noun (plural As or A's)
from A to B
- From one’s starting point to one’s destination: most road atlases will get you from A to BMore example sentences
- The drivers are not concentrating and just going from A to B to distribute the goods.
- She said: ‘People will still be able to get from A to B - it may just take them that bit longer.’
- We need to put all the other things to one side and get from A to B safely at the appropriate speed.
from A to Z
- Over the entire range; completely: make sure you understand the subject from A to ZMore example sentences
- The person has to fit from A to Z or else they're just not wanted.
- Most of my work has been in the comedy genre, so it's a dream role to get a chance to play a character that has a trajectory from A to Z.
- They moved in with a heavy barrage of speculation from A to Z.
- One’s original plan or strategy: plan A having gone horribly wrong, Ferguson used the interval to change his formation Compare with plan B.
- 1Used when referring to someone or something for the first time in a text or conversation: a man came out of the room it has been an honor to have you we need people with a knowledge of languages Compare with the.More example sentences
- Bob's conducting a three-year internet romance with a girl he's never met.
- He has also written an opera and translated Dante's Inferno in order to produce an illustrated book of it.
- Children need a place for their computer equipment, and parents need closet space for their clothing.
- 1.1Used with units of measurement to mean one such unit: a hundred a quarter of an hourMore example sentences
- I sent off an e-mail, just an hour ago, and he's already got me back online.
- About a mile further down the road, another dog ran out in front of the taxi.
- I stopped to pick up a gallon of milk on my way home from work.
- 1.2 [with negative] One single; any: I simply haven’t a thing to wearMore example sentences
- Incensed at the fiasco, I went back to the website to try and find a telephone number to call - not a thing!
- I think there's not a person born that doesn't have a gift to offer in some way.
- I had to own up to the fact that I'd never read a word by Crofts.
- 1.3Used when mentioning the name of someone not known to the speaker: a Mr. Smith telephonedMore example sentences
- She was born in about 1670, the daughter of a Mr Freeman of Holbeach in Lincolnshire.
- He was sent two poems from a Miss Ethel Malley, who wrote saying they were found among her brother's possessions after his death.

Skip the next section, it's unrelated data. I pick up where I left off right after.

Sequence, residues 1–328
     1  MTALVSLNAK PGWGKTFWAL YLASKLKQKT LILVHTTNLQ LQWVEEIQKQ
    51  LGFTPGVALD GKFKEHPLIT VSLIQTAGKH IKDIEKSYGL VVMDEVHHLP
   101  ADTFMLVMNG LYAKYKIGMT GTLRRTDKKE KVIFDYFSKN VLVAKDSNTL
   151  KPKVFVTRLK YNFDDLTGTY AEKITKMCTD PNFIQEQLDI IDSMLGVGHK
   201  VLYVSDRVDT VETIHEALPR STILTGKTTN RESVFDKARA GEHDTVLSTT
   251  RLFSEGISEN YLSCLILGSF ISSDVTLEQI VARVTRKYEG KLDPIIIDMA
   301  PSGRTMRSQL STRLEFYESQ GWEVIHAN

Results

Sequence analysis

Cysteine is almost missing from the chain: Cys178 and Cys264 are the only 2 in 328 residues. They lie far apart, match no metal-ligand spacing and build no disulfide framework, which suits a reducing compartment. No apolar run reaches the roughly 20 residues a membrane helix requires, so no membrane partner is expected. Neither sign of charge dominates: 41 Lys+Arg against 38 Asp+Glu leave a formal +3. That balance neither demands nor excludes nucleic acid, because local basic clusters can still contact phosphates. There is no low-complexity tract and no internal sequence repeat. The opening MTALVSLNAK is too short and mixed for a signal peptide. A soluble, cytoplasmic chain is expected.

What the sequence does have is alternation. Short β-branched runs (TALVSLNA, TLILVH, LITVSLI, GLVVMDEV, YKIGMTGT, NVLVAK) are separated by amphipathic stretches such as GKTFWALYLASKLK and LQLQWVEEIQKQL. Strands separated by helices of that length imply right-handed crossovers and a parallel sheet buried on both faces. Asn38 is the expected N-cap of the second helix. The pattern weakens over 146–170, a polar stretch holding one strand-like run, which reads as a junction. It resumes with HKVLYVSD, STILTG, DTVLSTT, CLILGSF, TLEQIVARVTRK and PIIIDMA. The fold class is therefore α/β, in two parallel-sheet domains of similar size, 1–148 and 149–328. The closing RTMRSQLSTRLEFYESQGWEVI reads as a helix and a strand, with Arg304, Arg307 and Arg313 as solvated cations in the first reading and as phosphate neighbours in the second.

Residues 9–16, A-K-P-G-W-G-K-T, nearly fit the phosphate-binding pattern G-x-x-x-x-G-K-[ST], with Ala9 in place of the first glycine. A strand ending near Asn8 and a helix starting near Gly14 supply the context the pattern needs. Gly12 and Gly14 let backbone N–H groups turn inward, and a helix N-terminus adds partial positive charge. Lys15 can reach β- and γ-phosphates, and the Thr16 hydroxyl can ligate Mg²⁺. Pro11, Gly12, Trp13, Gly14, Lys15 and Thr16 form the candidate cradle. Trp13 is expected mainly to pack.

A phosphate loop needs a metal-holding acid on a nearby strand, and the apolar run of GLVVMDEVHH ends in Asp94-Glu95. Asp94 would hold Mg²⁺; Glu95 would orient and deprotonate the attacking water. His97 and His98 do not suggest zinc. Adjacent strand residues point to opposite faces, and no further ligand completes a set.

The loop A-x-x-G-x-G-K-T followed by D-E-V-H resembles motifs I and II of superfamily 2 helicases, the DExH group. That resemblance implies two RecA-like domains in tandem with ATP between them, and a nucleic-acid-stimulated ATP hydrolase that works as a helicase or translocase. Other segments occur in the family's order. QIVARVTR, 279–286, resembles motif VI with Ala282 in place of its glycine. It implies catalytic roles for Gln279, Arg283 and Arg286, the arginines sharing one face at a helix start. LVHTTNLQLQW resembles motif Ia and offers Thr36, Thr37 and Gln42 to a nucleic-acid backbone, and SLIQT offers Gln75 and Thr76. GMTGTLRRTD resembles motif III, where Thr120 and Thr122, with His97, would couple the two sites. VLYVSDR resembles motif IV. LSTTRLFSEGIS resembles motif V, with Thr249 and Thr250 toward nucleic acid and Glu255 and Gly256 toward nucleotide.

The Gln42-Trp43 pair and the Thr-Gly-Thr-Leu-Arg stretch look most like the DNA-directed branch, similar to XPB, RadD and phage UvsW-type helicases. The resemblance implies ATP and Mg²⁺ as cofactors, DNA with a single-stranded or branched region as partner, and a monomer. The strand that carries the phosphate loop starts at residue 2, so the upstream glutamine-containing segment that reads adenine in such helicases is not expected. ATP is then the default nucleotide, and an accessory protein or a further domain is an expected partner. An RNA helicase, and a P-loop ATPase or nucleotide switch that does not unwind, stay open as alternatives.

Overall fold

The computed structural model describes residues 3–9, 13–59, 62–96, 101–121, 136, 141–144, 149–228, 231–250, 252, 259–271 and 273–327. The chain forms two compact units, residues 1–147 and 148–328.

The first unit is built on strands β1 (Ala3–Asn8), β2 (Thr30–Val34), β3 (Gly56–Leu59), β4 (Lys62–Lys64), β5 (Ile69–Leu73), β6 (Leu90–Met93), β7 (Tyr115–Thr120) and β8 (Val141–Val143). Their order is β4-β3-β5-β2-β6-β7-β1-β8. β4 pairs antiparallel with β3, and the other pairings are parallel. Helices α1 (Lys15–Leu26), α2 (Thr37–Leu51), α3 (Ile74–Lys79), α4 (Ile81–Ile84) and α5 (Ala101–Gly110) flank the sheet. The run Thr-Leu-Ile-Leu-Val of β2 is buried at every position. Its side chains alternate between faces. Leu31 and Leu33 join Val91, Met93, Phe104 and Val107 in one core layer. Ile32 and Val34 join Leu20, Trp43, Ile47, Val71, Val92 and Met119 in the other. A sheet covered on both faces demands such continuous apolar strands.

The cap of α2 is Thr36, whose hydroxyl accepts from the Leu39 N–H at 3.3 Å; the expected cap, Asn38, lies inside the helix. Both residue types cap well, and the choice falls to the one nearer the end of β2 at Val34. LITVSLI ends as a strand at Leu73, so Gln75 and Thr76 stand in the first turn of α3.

- Does anyone know a Mr Daeller?
- 1.4Someone like (the name specified): you’re no better than a HitlerMore example sentences
- Called a Judas by his countrymen, he received an elbow from another player, and left the pitch injured.
- What he lacks is the charisma of an Olivier, whose epochal Coriolanus is dazzlingly evoked in two pages of Kenneth Tynan's Curtains.
- You need the methods of a Roosevelt.
- 2Used to indicate membership of a class of people or things: he is a lawyer this car is a BMWMore example sentences
- She's a banker, married to a stockbroker, and they have a daughter about the same age as Amy.
- My mom's a pharmacist and my dad's a realtor.
- Lilly is a Siamese cat who survived a two-week cross-country move while stuck in a drawer.
- 3Used when expressing rates or ratios; in, to, or for each; per: typing 60 words a minute cost as much as eight dollars a dozenMore example sentences
- The truckers are angry at the rise in diesel prices, which currently average 81.3p a litre.
- The price of gold rose last week to $309 an ounce - and at one point was $312, its highest for two years.
- You can't drive over five miles an hour down any street in New York.
Middle English: weak form of Old English ān 'one'.
1 The article a can be pronounced either /ā/, when stressed (“He gave you a flower?”—that is, only one flower), or /ə/, when unstressed (“He gave you a flower?”—that is, the emphasis is on flower, not on the number of flowers). The form an is used before words beginning with a vowel sound. 2 On the question of using a or an before words beginning with h, see also an (usage).
More definitions of ADefinition of a in:
- The British & World English dictionary